Perhaps surprisingly, sperm production can also be reduced by T replacement, thus impairing fertility.  Sometimes the sperm count doesn’t readily return to normal after T replacement is stopped.  So, for young men who may wish to have more children in the future, rather than directly giving T, there are other prescriptions such as clomiphene that can stimulate the body’s own T production without impairing the sperm count.

All those precautions being noted, if you have some of the symptoms of low T which we have listed, it makes sense to check a T level.  If indeed your levels are low, and you have symptoms that correlate, it is certainly reasonable to consider a trial of testosterone replacement.

What are your choices for replacement?  Testosterone is not absorbed well when swallowed.  So, T can be given by injections, patches, gels and dissolvable oral pellets given by prescription.  Levels can then be rechecked to ensure that adequate replacement has been given.  The other key is to see whether the symptoms of low testosterone have actually improved substantially with replacement.  T replacement is only continued if it actually helps your symptoms and doesn’t give troublesome side effects.  Usually a 2-3 month trial is long enough for a man to know how much difference T replacement makes in how he feels.  We have many men in our practice who find that T replacement has greatly improved their sense of well-being and who have no interest in going back to being without it.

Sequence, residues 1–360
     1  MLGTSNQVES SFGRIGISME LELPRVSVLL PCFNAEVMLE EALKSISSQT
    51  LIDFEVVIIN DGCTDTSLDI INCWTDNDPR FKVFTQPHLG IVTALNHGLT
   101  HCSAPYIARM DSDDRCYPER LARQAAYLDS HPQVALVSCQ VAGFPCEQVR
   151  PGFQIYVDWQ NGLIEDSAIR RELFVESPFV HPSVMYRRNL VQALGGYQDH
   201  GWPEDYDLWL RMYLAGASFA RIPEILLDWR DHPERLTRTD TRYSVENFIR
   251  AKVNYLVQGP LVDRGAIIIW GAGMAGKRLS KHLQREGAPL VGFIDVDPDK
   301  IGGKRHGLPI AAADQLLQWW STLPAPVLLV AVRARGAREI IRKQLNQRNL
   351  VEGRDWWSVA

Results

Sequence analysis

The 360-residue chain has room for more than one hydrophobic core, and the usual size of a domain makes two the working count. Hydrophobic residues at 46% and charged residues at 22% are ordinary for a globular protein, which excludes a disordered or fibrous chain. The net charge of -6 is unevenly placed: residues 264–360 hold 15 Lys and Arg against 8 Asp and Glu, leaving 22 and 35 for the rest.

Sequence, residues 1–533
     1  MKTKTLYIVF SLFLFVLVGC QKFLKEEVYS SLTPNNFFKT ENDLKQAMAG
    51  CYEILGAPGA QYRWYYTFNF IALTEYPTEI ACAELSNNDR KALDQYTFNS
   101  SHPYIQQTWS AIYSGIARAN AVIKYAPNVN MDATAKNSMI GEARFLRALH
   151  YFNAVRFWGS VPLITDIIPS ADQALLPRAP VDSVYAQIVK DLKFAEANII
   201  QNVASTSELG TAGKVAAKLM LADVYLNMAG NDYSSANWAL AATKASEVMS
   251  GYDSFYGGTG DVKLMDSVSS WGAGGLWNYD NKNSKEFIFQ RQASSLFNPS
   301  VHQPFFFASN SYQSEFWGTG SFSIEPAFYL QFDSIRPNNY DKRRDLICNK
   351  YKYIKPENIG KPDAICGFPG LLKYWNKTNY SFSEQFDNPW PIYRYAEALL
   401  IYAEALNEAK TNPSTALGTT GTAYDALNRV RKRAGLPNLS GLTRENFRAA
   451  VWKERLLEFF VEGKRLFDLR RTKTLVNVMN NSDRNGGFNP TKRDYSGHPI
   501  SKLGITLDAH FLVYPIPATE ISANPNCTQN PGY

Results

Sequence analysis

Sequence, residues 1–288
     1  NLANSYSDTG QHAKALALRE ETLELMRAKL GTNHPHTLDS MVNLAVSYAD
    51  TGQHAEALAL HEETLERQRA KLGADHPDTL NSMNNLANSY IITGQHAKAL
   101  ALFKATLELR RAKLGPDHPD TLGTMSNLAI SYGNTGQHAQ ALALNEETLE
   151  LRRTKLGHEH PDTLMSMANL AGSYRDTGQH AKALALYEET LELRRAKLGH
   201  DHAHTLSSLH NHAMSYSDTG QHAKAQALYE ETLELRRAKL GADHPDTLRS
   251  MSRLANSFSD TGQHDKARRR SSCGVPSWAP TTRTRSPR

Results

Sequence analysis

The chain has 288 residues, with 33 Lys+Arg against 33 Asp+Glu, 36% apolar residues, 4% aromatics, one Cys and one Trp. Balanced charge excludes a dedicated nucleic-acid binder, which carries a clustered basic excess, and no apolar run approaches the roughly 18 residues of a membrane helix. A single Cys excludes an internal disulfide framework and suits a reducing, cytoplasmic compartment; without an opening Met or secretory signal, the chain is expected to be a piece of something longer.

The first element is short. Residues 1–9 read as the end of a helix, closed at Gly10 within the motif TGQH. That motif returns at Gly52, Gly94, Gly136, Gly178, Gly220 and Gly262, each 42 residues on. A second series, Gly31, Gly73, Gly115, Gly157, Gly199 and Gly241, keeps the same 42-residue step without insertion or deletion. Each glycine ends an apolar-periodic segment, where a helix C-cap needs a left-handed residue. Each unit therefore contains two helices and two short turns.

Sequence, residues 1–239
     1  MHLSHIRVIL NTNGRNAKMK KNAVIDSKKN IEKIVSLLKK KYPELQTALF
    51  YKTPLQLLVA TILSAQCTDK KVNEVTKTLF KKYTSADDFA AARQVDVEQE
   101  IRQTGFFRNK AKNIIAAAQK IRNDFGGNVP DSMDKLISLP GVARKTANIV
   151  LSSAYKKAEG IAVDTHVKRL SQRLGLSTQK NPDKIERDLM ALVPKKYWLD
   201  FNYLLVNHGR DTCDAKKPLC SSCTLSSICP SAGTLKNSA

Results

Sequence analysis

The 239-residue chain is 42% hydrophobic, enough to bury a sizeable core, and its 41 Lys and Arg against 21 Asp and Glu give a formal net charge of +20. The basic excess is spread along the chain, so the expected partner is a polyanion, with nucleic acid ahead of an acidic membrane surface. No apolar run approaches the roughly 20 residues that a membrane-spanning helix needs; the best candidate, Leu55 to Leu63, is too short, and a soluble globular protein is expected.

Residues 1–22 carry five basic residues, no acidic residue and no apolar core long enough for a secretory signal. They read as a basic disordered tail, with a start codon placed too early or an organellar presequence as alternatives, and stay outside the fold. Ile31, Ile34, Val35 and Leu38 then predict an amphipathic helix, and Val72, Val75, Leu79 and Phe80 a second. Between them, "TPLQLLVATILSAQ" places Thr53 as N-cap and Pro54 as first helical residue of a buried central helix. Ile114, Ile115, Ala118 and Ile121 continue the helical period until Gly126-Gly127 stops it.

This whole issue of when low testosterone is really pathologic, when it should be replaced, and for how long, is still an evolving story but more and more practical answers are being hammered out. So, if you’ve got the symptoms, get it checked, and then think it through with your doctor and decide whether to treat your low T and how.

 

Andrew Smith, MD is board-certified in Family Medicine and practices at 2217 East Lamar Alexander Parkway, Maryville.  Contact him at 982-0835